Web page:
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Author(s): Bitten Larsen, Poul Sverrild
Subject(s): Cultural Essay, Political Essay, Societal Essay
Published by: Historický ústav SAV, v. v. i.
Keywords: social housing; planning history; cultural heritage; preservation; method development; suburban history; modernism; urban development

Summary/Abstract: Living and construction, a historical background for large-scale housing in Denmark Between the wars, Copenhagen was strongly affected by the urbanisation that had begun with the industrialisation of the city in the middle of the 18th century. The city consisted of overcrowded areas with a mixture of buildings for accommodation and for businesses, both in the original medieval town and in the oldest suburbs that had been built on after 1852 when the old fortifications of the city were removed. The building owners had used every available piece of land, and both main streets and side streets had houses in front, out back and to the sides. The flats were small – often less than 25 square metres – and had a kitchen with running water and drainage, but the toilet was in the shared garden. The development moving towards the First World War was more directed towards separate living and business areas, but they were still in close proximity to one another in comparison to later developments. In the 1920s, the structure of the city was redeveloped in the outlying areas with huge blocks of flats that secured light and air, but the basic structure of the city with a standard street grid was continued in the new quarters. Redevelopmentsbegan in the 1930s, but were largely halted during the German occupation of Denmark 1940 – 1945. When the country was free once more, the framework for building in the city was left open. The Second World War left Danish buildings reasonably intact, but the war years had created a large need for housing because of the lack of new buildings and a continued migration from the countryside to the cities. On top of that there was a great need for redevelopment of older buildings. In all it was estimated that in 1945 there were 50,000 – 60,000 homes too few in a country with just over four million citizens. The ruling social democratic party launched a new political agenda which put the welfare society on the agenda with inspiration from Sweden, and in 1947 a housing ministry was founded. The housing sector was a key area, and the parliament was in agreement when it began an expansive housing policy with increased housing support to both private people and housing associations. At the same time, programmes were started with support for industrialisation of building processes and work with new materials. For centuries, the preferred building material in the urbanised areas of Denmark had been tiles and bricks, but further construction with this material had several limitations, even though theproduction of bricks had been industrialised during the 1800s and Denmark began industrial cement production in the last part of the century. Until then, concrete had been used in Denmark as a building material introduced to reinforce buildings in the 1880s, and during the time between the world wars it had primarily been used for business buildings and for a very small number of modernistic residential buildings designed...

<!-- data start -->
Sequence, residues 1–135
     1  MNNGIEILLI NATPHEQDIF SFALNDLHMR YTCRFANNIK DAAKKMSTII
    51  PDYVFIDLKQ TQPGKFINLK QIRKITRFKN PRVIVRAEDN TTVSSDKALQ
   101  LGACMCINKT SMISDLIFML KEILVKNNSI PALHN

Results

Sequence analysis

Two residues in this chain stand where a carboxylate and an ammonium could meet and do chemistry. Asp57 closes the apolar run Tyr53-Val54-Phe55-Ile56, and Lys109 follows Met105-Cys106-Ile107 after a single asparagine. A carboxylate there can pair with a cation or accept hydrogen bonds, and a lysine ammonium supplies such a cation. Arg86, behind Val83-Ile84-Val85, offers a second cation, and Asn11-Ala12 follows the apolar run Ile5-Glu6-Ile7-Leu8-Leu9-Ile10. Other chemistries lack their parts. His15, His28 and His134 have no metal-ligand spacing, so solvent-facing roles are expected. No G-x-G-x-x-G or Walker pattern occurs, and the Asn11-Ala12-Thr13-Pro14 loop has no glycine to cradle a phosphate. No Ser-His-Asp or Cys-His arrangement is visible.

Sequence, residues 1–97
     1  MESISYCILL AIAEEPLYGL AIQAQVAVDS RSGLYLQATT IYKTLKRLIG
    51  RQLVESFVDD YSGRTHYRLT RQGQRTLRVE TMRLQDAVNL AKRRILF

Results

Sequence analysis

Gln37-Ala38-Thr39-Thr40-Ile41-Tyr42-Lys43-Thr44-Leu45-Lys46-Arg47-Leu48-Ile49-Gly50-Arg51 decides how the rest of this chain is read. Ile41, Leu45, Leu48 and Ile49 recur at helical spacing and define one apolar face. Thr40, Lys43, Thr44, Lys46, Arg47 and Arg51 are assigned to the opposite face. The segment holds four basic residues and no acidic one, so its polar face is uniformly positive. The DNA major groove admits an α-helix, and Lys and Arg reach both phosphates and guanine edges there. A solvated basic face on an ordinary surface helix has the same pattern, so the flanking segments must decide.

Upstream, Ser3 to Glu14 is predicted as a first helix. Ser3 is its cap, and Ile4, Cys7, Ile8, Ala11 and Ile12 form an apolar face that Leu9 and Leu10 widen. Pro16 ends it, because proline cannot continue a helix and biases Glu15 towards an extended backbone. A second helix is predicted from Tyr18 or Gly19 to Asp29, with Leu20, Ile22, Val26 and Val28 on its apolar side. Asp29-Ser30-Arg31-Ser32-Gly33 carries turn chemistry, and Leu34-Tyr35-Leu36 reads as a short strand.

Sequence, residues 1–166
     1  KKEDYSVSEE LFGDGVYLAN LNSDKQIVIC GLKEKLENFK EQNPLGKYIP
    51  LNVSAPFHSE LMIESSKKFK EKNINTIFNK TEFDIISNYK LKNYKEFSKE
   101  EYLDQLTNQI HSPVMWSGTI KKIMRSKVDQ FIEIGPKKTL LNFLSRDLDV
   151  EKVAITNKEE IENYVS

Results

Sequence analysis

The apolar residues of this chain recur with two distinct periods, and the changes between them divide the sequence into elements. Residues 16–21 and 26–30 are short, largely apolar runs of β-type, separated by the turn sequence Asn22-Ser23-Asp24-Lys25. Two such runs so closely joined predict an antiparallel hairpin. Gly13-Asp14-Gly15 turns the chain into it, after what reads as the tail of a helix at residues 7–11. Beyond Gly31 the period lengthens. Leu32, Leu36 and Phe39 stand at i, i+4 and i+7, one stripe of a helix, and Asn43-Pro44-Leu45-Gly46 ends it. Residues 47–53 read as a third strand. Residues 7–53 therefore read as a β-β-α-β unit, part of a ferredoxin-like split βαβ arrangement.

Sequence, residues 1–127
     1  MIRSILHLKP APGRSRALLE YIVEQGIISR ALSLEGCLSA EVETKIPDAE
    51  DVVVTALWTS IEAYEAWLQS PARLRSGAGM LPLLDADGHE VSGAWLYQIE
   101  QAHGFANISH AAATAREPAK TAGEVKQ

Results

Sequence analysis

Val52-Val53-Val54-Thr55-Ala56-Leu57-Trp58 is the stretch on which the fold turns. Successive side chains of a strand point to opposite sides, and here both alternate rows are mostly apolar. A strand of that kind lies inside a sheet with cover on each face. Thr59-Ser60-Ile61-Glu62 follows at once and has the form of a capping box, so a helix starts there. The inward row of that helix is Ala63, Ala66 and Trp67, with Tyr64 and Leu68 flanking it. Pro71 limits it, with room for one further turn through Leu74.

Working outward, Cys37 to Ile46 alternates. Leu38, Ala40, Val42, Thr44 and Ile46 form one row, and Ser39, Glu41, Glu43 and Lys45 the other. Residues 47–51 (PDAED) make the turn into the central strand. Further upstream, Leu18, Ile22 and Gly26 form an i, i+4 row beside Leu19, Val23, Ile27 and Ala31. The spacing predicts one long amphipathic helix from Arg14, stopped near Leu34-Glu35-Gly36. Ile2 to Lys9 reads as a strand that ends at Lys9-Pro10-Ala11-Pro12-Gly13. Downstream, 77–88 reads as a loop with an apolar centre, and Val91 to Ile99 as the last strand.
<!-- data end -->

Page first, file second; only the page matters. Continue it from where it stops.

• Issue Year: 46/2012
  • Issue No: 3-4
  • Page Range: 208 - 227
  • Page Count: 20
  • Language: English